RICES LANDING – Gary “Henry” Phillips was a year out of Cumberland High School when his country called his name. By fall of 1966 he was a 20-year-old radio operator and jeep driver in Vietnam. Three days before Thanksgiving, Gary was part of a caravan delivering frozen turkeys to fellow soldiers. His friends, Dennis R. Lehman, 20, and William Kennedy, 22, of the 87th Transportation Company, were in the vehicle behind him when a mortar round ripped through their truck. They were killed instantly.
When he returned home after two years of service in Vietnam, there was no fanfare and little talk of the war.
“It was kind of ugly. You kept to yourself. They didn’t care for you so much since you were a Vietnam vet,” Phillips said.
This was a sharp contrast to the hero’s welcome he would experience 45 years later this April as a recipient of an Honor Flight trip.
The Honor Flight Program flies veterans to Washington, D.C., to visit and reflect at the nation’s war memorials. Top priority is given to senior veterans, World War II survivors, and those veterans who may be terminally ill. Phillips, a veteran of both Vietnam and Desert Storm, falls in the latter category. As a patient of Amedisys Hospice for chronic obstructive pulmonary disease. It was a nurse practitioner with the firm, Melany Chrash, who initiated the process for Henry’s Honor Flight.
“In my capacity as an instructor for Waynesburg University, I went to an end-of-life nursing education consortium in San Antonio, Texas,” said Chrash. “The conference was all about end-of-life care for veterans, and one of the speakers talked about the Honor Flight program.”
When Chrash came home she began investigating how to get a flight for Phillips. By late January the trip was a go. The Honor Flight is free to the veteran, but the cost for the caregiver is $400. Chrash’s students at Waynesburg University were ready to raise the funds when the Christen Foundation, Amedisys’ charitable private foundation, paid it.
It was agreed that Phillips’ wife, Debbie, could handle her husband’s care for the short trip. She was prepped and on April 5, Phillips’ 68th birthday, they were on their way.
“When he got out of the plane in Baltimore he was the only service guy on there. He had to walk through a tunnel into the airport. All of a sudden there were at least 200 people clapping and holding signs,” Debbie said. Phillips added, “I didn’t expect any of that, at all. I’d never seen anything like it.”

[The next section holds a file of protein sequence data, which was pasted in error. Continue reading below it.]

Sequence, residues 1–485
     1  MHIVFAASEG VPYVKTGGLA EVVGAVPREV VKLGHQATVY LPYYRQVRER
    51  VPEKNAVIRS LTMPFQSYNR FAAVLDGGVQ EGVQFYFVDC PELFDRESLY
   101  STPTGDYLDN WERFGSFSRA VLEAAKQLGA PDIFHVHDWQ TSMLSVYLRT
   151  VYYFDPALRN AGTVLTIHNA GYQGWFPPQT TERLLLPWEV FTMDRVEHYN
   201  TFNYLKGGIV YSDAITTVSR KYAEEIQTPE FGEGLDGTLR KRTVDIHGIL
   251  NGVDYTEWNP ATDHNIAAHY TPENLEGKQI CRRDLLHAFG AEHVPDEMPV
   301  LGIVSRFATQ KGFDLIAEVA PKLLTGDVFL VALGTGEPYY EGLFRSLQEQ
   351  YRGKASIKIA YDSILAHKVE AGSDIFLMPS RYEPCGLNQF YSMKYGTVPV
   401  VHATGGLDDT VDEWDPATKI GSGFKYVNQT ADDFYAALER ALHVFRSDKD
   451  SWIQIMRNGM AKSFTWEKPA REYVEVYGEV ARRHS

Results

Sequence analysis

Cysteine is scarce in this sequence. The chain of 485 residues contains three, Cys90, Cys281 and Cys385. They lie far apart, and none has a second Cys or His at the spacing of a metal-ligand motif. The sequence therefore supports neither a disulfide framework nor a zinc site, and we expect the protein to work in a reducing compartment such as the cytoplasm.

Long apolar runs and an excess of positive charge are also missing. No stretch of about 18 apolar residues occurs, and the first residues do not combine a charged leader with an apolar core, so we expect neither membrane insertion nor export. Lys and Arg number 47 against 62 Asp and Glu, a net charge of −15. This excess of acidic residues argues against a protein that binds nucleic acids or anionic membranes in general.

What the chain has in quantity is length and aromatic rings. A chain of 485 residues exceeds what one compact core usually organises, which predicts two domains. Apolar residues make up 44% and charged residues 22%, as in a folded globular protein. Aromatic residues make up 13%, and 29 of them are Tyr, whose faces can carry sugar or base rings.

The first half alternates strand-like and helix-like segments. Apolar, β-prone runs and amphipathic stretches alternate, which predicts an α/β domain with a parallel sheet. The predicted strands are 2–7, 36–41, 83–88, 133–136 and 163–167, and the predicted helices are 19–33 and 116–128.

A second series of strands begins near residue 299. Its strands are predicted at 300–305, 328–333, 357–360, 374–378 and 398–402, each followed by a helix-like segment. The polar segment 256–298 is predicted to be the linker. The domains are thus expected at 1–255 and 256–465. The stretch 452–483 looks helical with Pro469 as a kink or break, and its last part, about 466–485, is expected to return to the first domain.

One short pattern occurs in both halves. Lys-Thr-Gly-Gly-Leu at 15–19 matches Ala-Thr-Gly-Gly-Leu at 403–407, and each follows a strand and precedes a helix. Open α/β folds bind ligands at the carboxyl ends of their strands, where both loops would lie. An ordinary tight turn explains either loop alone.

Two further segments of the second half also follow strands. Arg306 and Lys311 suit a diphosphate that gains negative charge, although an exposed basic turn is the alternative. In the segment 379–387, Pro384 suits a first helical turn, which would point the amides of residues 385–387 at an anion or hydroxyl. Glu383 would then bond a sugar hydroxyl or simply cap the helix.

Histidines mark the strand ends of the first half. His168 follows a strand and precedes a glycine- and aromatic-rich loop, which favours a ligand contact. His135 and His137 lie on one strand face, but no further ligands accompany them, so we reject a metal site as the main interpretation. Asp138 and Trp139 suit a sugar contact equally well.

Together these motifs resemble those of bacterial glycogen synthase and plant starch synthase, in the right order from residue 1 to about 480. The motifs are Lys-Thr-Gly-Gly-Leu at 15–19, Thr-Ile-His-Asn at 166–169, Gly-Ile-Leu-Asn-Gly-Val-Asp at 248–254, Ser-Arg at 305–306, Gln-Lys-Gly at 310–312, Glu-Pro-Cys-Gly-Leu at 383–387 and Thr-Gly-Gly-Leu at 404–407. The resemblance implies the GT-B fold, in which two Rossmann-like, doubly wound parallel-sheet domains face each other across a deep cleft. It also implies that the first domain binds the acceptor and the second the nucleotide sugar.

At the hotel, they joined a small group of fellow flight recipients. After being showered with gifts, the Patriot Guard Riders led the veterans to the WWII Memorial. Over the weekend they would visit Arlington National Cemetery for the changing of the guard, the Lincoln Memorial, Iwo Jima statue, and the Air Force and Navy Memorials. But, it would be a simple but elegant granite wall that impacted Phillips the most.
“We went at night. The light was reflecting onto The Wall (the nickname of the Vietnam War memorial). It was dark all around it,” Debbie said. Phillips’ mission was obvious – find the names Kennedy and Lehman. A ranger for the National Park Service helped locate them and make an imprint for him.
“Kennedy was an only child. You didn’t have to go if you were an only child. He had to get his parents’ permission to go,” Phillips said. “He was the first one killed. It didn’t make sense.” Phillips is one of eight children.
“That day we weren’t given air support or the air support frequency. They said the road was secure, but it wasn’t. Never believe intelligence reports,” he said, noting that the road they traveled on became known as Ambush Alley for the frequency of attacks there.
Phillips’ military career ended in 1997 at the rank of master sergeant when he suffered a heart attack on active duty. He had put in his time.
On April 7, Debbie pushed her husband’s wheelchair from an elevator at Pittsburgh Airport into the welcome home celebration 45 years after he was unwelcomed back. Veterans groups, National Guardsmen, friends, family, his hospice team and a bagpiper were waiting for his return.
“There were two things that really got me and shook me up the most, The Wall and the people at the airport when I came back,” Phillips said a day later. A frame with 27 ribbons hung on a nearby wall. The 27 medals that go with them are on his dress blues. He has told his wife he wants to wear the uniform one last time, when his time comes.
“He wants to wear it with cowboy boots. I don’t know about that,” said Debbie, misty-eyed, but smiling.